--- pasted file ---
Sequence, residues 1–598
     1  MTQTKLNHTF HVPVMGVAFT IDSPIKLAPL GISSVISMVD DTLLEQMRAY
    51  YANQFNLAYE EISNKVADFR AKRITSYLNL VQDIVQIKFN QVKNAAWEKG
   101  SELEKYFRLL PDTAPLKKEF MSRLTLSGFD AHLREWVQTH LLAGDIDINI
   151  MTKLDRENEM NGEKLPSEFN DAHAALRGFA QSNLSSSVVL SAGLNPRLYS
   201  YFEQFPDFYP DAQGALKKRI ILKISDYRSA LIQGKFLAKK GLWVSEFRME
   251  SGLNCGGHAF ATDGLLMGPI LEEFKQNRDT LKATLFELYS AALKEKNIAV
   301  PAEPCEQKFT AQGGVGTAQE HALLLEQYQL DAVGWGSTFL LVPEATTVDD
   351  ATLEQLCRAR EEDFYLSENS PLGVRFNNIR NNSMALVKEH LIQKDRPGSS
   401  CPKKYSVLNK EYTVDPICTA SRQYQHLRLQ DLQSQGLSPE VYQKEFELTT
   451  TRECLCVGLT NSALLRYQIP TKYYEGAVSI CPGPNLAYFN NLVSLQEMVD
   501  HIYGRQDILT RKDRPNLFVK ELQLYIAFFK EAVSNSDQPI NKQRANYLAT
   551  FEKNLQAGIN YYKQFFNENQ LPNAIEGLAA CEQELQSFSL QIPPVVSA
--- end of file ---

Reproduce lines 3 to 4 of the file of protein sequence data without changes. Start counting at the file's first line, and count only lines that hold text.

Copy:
    51  YANQFNLAYE EISNKVADFR AKRITSYLNL VQDIVQIKFN QVKNAAWEKG
   101  SELEKYFRLL PDTAPLKKEF MSRLTLSGFD AHLREWVQTH LLAGDIDINI